Thursday, October 15, 2009


THIRTY-FIVE SUMMERS ago, I lived in Cebu City when there were wide open spaces, few people on the sidewalks, fresh and clear air all around, clean seas to swim and tap water was still drinkable. I still live in the same place but I am now in a crowded neighborhood, sidewalks that are difficult to navigate, breathing polluted air, shying away from murky seas and forced to drink bottled water. Oh, yes, before I forget – constant flooding!

For many years, I have felt the temperature getting hotter and hotter every year and the rainwater getting higher and higher although, at times, the el niño and la niña phenomena visits the country every ten or eleven years and brings with it extreme drought or an abundance of rain fall. It has been like that and, I assume, it is normal. Yes, it has been like that and it is just normal when I analyzed the Philippine meteorological records from 1905 up to 1995.

But something weird happened when unabated development punched a hole above the Antarctic. It grew in size until the whole world became alarmed and asked how could that be? I think it was in the early '90s when I came to know of the news about the ozone layer getting thinner and thinner. The community of scientists and social activists were able to trace chlorofluorocarbons or CFCs as the main root of this grave issue although trapped CO2 gases and other harmful pollutants contribute also to this world-wide malady.

Now going back to my little place in the fringes of the Pacific, I find it perplexing when a visiting typhoon make its mark on the topography of the land. Yes, we have been ravaged by super typhoons in the past but it was rare and far between. It does result to overflooding and sheer destruction caused by an abundance of rain and spurred by 200++ kph winds brought on by its strength.

The problem is, these new typhoons visiting us are not of the super genres but are mere tropical depressions and low pressure areas that grew in size to signal number two typhoons, at the most, but, they bring a lot of rain. Not only that, they come regularly as they wished and they bring flood and destruction that equal in intensity brought on by signal number four typhoons! Yes, climate change may have a hand in that, but, I'm quite sure it does. IT IS ALREADY HERE!

Why? There was a movie titled A Perfect Storm starring George Clooney that told of how two hurricanes crossed paths in the Atlantic and wrought havoc upon a fleet of fishing vessels. Tell you frankly, it is just kid's play. You know what, three typhoons entered the Philippine area of responsibility at the same time on November 25 to 27, 2007 and, I presumed they were more than “a perfect storm”. I featured this in my blog on March 25, 2008.

Lately, Metro Cebu have been experiencing subtle weather changes that goes scorching hot to cold, rainy and windy to scorching hot again and, believe me, it has caused many sick calls upon the hardy populace. These micro weather changes have been consistent that most residents begin to believe that they are typhoons of a smaller scale! They call it “mini-typhoons”.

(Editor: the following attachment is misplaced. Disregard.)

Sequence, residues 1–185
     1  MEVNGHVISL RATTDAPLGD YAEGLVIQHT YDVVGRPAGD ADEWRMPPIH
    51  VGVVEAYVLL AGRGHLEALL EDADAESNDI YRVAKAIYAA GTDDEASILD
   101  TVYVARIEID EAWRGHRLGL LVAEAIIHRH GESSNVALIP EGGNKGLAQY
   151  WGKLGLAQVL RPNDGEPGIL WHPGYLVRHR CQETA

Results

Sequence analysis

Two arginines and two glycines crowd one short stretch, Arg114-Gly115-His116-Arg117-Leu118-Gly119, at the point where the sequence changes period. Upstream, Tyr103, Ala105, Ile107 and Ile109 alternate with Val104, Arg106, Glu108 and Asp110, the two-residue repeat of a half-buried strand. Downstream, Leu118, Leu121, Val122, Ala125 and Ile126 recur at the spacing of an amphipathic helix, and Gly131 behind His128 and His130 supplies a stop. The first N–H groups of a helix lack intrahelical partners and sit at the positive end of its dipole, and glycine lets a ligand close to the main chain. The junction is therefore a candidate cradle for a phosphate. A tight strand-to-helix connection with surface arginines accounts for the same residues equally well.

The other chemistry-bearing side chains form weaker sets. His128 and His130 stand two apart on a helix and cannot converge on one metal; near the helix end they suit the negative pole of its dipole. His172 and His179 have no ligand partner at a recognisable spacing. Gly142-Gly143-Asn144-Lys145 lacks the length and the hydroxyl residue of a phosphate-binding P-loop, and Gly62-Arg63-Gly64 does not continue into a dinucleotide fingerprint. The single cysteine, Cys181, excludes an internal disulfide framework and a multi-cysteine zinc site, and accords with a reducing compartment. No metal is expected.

On September 26, 2009, a squall visited the metropolis and little did I know that it has caused injury to many commuters at the Cebu South Bus Terminal when the steel railings blocking an access road collapsed under the weight of a gusty wind. Also, it has resulted to the damage of a see-trough steel gate at the Cebu International Convention Center. Not only that, the play of the winds uncorked a mini-maelstrom in CICC's small man-made lagoon! Jeez, I am fully convinced that climate change had finally made its mark in this part of the world!

Elsewhere, typhoon signal number 1 Ondoy (International Name – Kistana) ravaged Metro Manila and its outlying areas and brought with it water levels of a magnitude that is unsurpassed in 40 years! Flood waters surged on the streets leaving residents no time to evacuate to higher grounds and trapped them on their own rooftops. Death piled along river banks while garbage and other debris hang on to tree branches showing the waterline at levels of two-storey houses.

Following its trail is typhoon signal number 2 Pepeng (International Name – Parma). People in the National Capital Region braced for its arrival but it swerved to Northern Luzon and stayed there for a week causing massive landslide and mudflows and lots and lots of dead people! I could not believe a tempest staying in its grid for a week! It is unbelievable.

I hope this short article of mine would get the attention of the United States, Canada, Japan, China, Germany, Brazil and Russia to change their attitude of how we, the small poor nations, have been suffering due to their indifference and shortsightedness in steering their energy programs and managing their excesses. Their large industries caused the globe to get warmer causing water levels to rise and to an abundance of excess moisture which small weather disturbances siphon off.

It was for this reason that I opt to join a community of bloggers to give voice to Blog Action Day 2009 (as I have done in 2008 for poverty) to help create a better world to live in.

May God bless us all!

Document done in OpenOffice 2.1 Writer

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